I was determined to follow the LCD process. Because it usually works. I don’t know what’s wrong we me and shorts this summer but LCD has been good to me all the rest of the year. I was pleased that L seemed immediately good. Mostly I was concerned with the L of the crotch. I did note that the leg notch marks fell 4″ below my knee cap.  I didn’t want to take length away above the knee or even immediately below the knee. The leg is tapered and very close. I struggled to get my foot in and out. So I opened the side seam a bit; folded up the leg and continued with the fitting.

Next I worked on circumference. For the next 5 fittings I worked on circumference. I admit this was due to my timidity. I had stitched the seams as they would have been without my additions but the pant still looked too large in the mirror. So I took in the side seams 1/2cm at a time until it looked the way I wanted. During that time the knee and hem kept getting closer and closer. When I decided the circumference was right for the hip, it is not tight at knee and hem but feels a little restrictive when I move. Standing still, it is fine.  Had this fabric possessed even 10% stretch, I think it would have been OK.  I left it for now, an idea to play with in the future, because I was so delighted to have finally found a pant pattern that could be adjusted to my circumference and finish with a 14″ hem circumference. YEAH! I tell you, I’ve been looking for this pattern for so long. I couldn’t alter my other patterns to achieve a slim leg and narrow hem circumference. In theory, once a pattern fits you should be able to play with leg styling. But every time I did, I introduced errors. Let me do a few hand stands and come back.

Ah, but that left me with the always present depth issue:

the back of leg mess. Not shown here but I also developed a little of the front keyhole issue and because this is an elasticized waist, some draglines and pooching that can be eliminated by darting the waist to be just barely larger than the hip. Maybe I should have tended to the other issues first, but this is the pants killer for me and I went for it. I made 1/2″ hip line dart. Barely helped. Made a full 1″ dart, that is removing 2″ from the back crotch length. A crotch length that I might had has been wonderfully comfortable, but I’m not wearing a pant that looks like the above so 2″ GONE.

That did it:

Well, 99% but I’ll take 99%.  I eagerly returned to my pattern and copied all the changes i.e. trim seam allowances and make the 1″ Hip Line Dart.  I was eyeing the stash for a fabric to make a real pair, when I started wondering if I could recut the current fabric. Mostly the change shortened the back crotch length and set the back waist on an angle

But I also realized that the back crotch length probably needed restoring. While the waist was level while standing still in the pics, when I moved the back waist would slide down. Also I had not yet tackled the front keyhole issue:

Give how long I wear my tops, I could probably ignore the keyhole because it’s always covered up.  So I decided to rip apart and recut after restoring at least part of the crotch length. I placed the front and back pattern pieces together overlapping along the side seam and traced the crotch curve onto a piece of graph paper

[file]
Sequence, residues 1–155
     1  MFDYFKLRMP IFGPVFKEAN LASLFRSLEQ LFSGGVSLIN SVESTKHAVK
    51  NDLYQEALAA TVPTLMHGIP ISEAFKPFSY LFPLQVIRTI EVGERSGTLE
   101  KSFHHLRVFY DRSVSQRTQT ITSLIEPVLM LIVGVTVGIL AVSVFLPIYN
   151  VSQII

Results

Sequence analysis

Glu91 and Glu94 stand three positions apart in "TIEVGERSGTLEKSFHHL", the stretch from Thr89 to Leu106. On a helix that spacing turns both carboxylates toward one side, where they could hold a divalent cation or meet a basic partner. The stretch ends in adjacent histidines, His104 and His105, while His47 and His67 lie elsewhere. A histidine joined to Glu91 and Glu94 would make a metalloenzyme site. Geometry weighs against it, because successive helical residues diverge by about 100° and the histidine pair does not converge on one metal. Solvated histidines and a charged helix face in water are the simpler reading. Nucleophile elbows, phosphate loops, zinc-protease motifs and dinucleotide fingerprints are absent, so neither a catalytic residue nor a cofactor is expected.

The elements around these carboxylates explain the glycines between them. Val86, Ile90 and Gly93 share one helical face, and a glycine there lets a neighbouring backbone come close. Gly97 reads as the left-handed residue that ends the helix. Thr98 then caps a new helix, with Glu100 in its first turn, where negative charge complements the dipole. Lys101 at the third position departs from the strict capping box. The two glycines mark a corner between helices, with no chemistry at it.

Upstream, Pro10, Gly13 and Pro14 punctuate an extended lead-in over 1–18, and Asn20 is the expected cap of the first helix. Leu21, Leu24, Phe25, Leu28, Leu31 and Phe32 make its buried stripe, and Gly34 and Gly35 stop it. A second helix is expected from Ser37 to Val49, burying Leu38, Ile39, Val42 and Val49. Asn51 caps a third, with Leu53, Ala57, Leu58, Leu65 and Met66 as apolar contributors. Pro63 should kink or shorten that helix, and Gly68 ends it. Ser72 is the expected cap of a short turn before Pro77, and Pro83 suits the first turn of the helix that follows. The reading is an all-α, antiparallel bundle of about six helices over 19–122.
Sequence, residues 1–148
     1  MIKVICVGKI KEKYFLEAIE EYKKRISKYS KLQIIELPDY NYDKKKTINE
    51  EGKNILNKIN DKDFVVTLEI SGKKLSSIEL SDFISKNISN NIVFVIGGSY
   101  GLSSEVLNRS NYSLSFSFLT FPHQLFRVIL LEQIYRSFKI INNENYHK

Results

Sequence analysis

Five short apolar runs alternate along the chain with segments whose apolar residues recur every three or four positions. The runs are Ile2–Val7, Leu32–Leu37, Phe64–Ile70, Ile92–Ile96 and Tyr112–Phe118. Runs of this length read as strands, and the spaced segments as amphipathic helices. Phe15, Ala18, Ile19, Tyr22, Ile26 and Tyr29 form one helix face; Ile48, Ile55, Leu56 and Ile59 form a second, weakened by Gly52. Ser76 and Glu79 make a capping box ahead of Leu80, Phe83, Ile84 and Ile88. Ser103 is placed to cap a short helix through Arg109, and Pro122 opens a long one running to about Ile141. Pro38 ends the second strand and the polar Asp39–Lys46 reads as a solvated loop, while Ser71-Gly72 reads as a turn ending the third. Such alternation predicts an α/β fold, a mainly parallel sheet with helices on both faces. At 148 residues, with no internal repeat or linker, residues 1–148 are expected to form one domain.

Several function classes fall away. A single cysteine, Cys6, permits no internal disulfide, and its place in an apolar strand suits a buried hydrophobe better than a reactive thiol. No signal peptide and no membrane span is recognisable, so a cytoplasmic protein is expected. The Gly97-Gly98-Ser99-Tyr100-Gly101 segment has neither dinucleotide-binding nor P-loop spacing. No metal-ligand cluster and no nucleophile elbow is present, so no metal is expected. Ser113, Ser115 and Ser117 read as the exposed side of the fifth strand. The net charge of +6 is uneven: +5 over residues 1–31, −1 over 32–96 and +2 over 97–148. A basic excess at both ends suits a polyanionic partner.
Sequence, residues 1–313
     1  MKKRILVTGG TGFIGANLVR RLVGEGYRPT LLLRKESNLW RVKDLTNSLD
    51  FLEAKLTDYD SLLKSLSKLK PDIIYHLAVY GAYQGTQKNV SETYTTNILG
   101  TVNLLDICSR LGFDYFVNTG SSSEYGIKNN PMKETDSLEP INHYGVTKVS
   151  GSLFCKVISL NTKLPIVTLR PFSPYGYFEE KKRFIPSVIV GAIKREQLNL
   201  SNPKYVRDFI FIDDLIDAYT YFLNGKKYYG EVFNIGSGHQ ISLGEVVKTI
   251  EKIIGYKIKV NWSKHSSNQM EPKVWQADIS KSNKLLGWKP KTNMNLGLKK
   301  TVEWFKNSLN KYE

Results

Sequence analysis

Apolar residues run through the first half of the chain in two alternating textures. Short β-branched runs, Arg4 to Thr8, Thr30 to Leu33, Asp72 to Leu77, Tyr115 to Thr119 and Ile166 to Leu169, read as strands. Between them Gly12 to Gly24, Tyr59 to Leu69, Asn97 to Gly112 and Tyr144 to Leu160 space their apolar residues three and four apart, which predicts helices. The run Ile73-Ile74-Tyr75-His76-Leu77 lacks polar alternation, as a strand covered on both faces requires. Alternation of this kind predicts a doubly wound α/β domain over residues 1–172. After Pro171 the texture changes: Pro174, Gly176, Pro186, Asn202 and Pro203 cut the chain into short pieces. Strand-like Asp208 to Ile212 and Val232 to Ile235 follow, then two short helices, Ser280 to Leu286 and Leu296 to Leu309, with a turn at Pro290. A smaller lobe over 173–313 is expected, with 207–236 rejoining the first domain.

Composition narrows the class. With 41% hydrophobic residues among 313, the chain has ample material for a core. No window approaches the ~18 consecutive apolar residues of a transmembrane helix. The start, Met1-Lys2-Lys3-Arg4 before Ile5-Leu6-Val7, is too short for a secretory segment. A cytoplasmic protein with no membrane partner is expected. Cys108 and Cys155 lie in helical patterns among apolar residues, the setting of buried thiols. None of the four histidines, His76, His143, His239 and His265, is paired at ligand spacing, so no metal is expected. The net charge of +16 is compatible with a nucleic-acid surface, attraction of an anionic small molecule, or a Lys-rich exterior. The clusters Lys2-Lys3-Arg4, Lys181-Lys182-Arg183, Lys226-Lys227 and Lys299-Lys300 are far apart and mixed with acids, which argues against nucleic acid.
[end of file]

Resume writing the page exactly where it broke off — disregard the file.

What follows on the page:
Then I slid the graph paper below the crotch for retracing and immediately had a big long discussion with myself.   Part of me says always always always reshape the crotch 1/4″ at a time. Because it takes a commitment. You have to stitch and trim excess tissue. There is no Undo Button. But another part of me says I already know that crotch depth was comfortable and with the total depth there was only the slightest hint of the front keyhole.  Bu the more timid me won out and I slid my crotch template a mere 1/2″ lower. I trimmed the tissue and then cut the fabric using the altered pattern piece. That means I also cut all the excess circumference from the side seams.  However just as a 1/2″ hip line dart had not been enough, neither was the 1/2″ crotch length restore. Oh it felt more comfortable, but most of the back mess had returned:

Oh and the front keyhole was, if anything, worse

I continued ‘restoring the crotch length”, half-inch at a time, three more times until the back crotch length was now the same as the original pattern and the front was a big longer. This was immensely comfortable.  Especially since along the way I hemmed the pants with a short vent on the side seam

I could now slip the pants on and off; and walk around with ease. I did still feel a little restriction at the knee (probably will work on that, but the back pant never looked as good as it did on Fitting 08

Sigh, not having any idea where to go from here, I replaced all basting with permanent stitching and added it to the closet. After all it looks better than RTW

and that was 12 frickin’ fittings. Enough is enough.



I transfer changes back to the tissue. I didn’t cut the tissue.  I carefully measured and  marked and folded the new excess out of the way. I rounded the changes i.e. a 1 1/8″ change became a simple 1″. I was not fighting with measuring 1/16 or 1/32.  Those are often a thread or two and I’ve said repeatedly if my pattern can’t abide a change of a thread or two, it’s not the pattern for me. I’m not a perfectionist sewer. I don’t like picky fussy clothes and and I don’t like picky fussy sewing.